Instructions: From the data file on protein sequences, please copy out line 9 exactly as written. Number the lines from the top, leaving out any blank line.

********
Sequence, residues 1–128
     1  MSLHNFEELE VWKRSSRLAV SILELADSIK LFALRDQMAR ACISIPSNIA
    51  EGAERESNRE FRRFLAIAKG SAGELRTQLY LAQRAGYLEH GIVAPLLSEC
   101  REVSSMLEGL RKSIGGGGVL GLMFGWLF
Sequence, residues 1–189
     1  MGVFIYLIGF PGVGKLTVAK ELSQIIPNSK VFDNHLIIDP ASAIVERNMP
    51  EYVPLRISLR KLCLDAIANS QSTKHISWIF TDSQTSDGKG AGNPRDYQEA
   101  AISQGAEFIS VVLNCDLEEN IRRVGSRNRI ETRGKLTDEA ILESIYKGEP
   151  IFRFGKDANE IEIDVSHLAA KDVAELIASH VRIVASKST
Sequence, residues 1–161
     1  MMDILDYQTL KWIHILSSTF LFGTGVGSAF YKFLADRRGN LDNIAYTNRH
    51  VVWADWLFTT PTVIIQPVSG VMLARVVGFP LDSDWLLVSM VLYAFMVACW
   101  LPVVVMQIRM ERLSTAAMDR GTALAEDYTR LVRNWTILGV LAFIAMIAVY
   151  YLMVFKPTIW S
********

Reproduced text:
   151  IFRFGKDANE IEIDVSHLAA KDVAELIASH VRIVASKST